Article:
Acidic substances are your marble floor’s worst nightmare. Not only do they cause stains, but they also leave etch marks due to the substance wearing away the top layer of the marble. Common offenders include lemon juice, vinegar, tomato-based sauces, or cleaning products that contain harsh chemicals.
Depending on the substance, it can either cause etches, or simultaneously etch and stain your beloved marble floor. If you’re dealing with both etches and stains, you’ll need to remove the stain with a poultice first. Alternatively, you can also use cornstarch (this is very effective for grease stains) or hydrogen peroxide pads (for lighter marble floors), though poultice might be your best bet if you’re up against a more stubborn stain.
To deal with etching, wet the surface with water and sprinkle marble polishing powder on the affected area. Using a damp cloth or buffing pad (use a low-speed power drill), buff the powder onto the stone. Though if the etched area is large and hasn’t been promptly taken care of, you may need professional help to refinish or re-polish the damaged marble.
While removing most stains can be an easy DIY job for most homeowners, it isn’t something that you’d want to be doing all the time. Before staining becomes an issue, it is always best practice to keep your marble floor clean. If you follow the simple steps below, we can guarantee that it’ll reduce the likelihood of you having to deal with stains in the first place.
If you want to make your marble floor a bit more stain-resistant, we highly recommend sealing it every few months. While this won’t make the marble completely stain-proof, it will give you more legroom to fix accidental spills in the future.
Before you get started, we recommend checking in with your marble manufacturer on the right products and practices for your marble floor specifically. The last thing you want is discoloration or dullness on your marble floor.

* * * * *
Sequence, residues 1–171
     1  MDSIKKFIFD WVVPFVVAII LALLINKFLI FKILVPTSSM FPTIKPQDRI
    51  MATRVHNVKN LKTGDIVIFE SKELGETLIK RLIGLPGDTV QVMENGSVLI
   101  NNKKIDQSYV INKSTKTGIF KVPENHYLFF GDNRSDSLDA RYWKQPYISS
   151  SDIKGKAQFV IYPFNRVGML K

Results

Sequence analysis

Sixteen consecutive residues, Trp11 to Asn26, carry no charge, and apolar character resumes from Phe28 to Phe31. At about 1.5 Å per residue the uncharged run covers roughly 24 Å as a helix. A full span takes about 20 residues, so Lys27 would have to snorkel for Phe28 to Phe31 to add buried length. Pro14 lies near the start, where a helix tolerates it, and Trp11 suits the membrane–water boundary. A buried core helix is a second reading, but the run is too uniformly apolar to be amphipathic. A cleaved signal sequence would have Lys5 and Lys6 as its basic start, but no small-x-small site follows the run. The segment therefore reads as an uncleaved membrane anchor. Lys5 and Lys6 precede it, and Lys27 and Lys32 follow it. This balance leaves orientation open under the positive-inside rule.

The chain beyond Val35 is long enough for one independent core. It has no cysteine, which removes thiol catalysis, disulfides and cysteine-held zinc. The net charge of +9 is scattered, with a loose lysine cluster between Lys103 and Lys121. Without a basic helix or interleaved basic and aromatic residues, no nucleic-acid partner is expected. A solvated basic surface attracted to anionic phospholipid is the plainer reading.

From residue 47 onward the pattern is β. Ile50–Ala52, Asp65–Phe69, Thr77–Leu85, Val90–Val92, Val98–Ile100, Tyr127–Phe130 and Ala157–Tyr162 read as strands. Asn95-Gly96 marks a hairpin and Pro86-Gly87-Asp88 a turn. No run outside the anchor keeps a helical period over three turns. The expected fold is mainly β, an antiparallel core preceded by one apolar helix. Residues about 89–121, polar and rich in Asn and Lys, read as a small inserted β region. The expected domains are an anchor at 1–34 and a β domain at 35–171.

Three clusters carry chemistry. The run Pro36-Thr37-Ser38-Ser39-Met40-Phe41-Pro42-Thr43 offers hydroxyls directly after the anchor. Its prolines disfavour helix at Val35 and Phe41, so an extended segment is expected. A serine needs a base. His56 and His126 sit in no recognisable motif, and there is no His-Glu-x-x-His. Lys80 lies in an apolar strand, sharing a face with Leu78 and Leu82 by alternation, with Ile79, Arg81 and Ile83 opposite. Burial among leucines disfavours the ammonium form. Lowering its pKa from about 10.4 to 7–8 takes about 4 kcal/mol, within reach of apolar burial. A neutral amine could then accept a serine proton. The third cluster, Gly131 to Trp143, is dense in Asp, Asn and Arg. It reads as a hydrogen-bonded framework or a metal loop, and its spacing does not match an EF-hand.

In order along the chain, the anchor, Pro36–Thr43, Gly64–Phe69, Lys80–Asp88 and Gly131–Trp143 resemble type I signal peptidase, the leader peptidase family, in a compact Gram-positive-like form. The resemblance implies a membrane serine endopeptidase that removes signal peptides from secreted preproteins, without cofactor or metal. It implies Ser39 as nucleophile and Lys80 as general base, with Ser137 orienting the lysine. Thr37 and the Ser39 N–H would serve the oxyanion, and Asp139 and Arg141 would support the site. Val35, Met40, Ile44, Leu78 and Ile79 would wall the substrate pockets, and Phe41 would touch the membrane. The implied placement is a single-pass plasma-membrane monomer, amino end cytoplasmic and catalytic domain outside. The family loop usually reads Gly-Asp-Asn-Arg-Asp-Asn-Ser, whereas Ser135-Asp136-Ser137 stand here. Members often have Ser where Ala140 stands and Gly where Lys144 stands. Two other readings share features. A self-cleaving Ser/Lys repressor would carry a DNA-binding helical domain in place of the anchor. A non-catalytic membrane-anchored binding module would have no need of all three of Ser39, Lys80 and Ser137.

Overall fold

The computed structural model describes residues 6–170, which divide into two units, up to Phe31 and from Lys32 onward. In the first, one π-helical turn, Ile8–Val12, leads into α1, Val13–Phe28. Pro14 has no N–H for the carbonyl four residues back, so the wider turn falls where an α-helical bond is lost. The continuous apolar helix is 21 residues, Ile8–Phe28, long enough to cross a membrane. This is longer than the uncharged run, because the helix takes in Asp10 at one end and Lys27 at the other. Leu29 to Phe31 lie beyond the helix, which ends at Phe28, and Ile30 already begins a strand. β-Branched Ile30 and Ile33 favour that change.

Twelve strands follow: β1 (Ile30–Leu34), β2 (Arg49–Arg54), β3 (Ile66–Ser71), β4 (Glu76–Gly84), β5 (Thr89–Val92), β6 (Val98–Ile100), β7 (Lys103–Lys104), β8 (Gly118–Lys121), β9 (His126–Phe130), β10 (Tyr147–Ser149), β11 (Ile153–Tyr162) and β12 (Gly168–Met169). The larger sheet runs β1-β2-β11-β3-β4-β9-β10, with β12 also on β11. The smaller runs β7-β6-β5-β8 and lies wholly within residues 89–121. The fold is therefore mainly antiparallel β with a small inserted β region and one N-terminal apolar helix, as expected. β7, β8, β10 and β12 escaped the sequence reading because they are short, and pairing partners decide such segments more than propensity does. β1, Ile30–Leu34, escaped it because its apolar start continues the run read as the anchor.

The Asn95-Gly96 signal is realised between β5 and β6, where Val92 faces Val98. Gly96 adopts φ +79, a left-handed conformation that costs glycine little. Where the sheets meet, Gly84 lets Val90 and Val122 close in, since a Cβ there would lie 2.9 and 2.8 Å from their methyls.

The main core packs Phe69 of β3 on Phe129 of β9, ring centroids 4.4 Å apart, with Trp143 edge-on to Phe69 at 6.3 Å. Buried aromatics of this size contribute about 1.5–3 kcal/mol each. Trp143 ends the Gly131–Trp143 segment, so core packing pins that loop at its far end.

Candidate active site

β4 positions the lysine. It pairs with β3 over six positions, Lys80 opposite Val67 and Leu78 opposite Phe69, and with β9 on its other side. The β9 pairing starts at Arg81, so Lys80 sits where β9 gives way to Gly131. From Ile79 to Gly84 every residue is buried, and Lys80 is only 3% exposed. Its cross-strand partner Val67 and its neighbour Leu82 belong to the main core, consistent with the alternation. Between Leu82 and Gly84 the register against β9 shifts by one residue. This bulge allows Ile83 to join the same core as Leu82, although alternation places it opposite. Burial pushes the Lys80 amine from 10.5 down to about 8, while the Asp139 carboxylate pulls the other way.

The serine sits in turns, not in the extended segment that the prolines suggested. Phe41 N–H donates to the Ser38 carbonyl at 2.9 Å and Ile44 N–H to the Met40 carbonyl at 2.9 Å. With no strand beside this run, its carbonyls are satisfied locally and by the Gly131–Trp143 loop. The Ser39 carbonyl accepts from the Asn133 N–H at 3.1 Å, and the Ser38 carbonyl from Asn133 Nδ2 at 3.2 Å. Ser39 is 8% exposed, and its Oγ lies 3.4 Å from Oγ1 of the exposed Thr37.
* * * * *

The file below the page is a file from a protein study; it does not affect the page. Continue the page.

Once you’ve acquired your trusty sealer, brush or spray it on your marble, covering the entire surface. Depending on the instructions given, wait for the recommended time period to pass or until the sealer is completely absorbed by the marble. Add an additional coat as necessary, wipe off the excess sealer, and let it sit for another 24 hours.
For more high traffic areas, it might also be a good idea to add in furniture pads or rugs to prevent scratches or potential staining from happening. Not only will it add more style to your home, but it is also a good way to lessen the dirt, dust, or other abrasive particles from moving around from one place to another.
It always helps to clean your marble floor regularly to prevent buildup and scratches. You will also be able to catch spills early on, which will lessen the chances of it turning into a difficult stain.
When doing maintenance cleaning, we recommend using a dust mop to gently remove dirt or other debris. While a vacuum may get the job done quicker, you risk abrasive substances like dirt and sand being dragged around, which will cause more harm than good to your precious marble floor.
If you do catch a stain early on, warm, soapy water should be enough to remove it—just make sure to rinse well and thoroughly dry the area. And if you plan to use a cleaner, be sure that it is non-acidic, so that it won’t etch or stain your marble floor. On that note, you’ll probably also want to keep acidic substances like vinegar or lemon juice as far away from your marble floor as possible.
If the stain has already been sitting for a while, go ahead and use the above recommendations depending on the type of stain you have on your floor.
For surface level etches, you can try buffing your marble with dry #0000 steel wool. Though if the etches are deeper than that, it’s probably best to seek for a professional’s help to restore your marble.
The key to maintaining the beauty of your marble floor is to properly care for it. While stains can certainly be avoided, in the case that they do happen, rest assured that it’s not the end of the world for your marble floor. Just remember these handy tricks and techniques and this natural stone will reward you with many more years of luster, durability and resilience.